The Grunfeld Defence! (or Defense.)
This one’s hypermodern, which means it’s going to take me a couple weeks and multiple failed playing attempts to understand it. I started learning chess from a classical guy who taught me to play toward the center. Basically, chess is a little like literature – everything was based around old, rarely challenged structures and rules until the first few decades of the 20th century, when everything changed, when the structures were seen as unable to support the revelations of war, disease, revolution, and changing social and class mores. In literature, it meant stuff like this:
In chess, it meant stuff like this:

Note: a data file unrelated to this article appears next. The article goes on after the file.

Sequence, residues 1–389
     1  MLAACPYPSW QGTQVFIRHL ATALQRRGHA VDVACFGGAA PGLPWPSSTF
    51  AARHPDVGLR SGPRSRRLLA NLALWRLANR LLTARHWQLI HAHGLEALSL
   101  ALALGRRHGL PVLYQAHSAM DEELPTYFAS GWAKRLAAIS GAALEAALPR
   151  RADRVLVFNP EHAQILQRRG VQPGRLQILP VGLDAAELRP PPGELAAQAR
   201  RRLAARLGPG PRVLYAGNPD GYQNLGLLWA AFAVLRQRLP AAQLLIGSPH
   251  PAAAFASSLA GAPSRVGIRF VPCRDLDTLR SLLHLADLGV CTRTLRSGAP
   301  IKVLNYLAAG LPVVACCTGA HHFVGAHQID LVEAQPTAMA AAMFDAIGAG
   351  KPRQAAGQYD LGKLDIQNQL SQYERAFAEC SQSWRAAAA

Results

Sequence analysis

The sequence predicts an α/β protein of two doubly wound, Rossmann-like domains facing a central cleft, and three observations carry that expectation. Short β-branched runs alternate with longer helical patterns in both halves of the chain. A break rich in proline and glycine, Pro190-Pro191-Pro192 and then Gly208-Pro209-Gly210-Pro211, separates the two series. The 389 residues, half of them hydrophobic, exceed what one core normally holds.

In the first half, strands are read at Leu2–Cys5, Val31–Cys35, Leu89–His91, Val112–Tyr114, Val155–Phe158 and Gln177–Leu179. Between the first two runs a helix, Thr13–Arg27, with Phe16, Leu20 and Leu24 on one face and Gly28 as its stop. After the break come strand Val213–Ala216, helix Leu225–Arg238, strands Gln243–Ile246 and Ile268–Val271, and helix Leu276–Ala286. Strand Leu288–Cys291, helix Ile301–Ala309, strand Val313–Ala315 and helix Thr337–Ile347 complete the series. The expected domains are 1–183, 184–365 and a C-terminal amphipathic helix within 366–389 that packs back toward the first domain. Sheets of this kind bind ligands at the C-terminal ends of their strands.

which is the starting position of the Grunfeld defence, in which black is about to fianchetto and hasn’t even moved his king’s pawn! Crazy, huh?
Basically, what this means is that black is giving up a strong pawn center (seen as a must since the Paul Morphy days and earlier, as far back as I know) in favor of building a fianchetto castle (sometimes called the King’s Indian) that leaves very few options for White in pursuing a mate that’s not spottable half a dozen moves in advance. The Exchange Variation, one of the most progressions in the Grunfeld defence, sees that crowded-looking center with the knights and pawns being completely massacred and leaving the Queen sitting in the middle or black’s knight threatened by a well-defended pawn or knight from white.
The exchange variation is TOUGH. I get slaughtered when I play it with white. There are some other variations which are a little easier, but risky.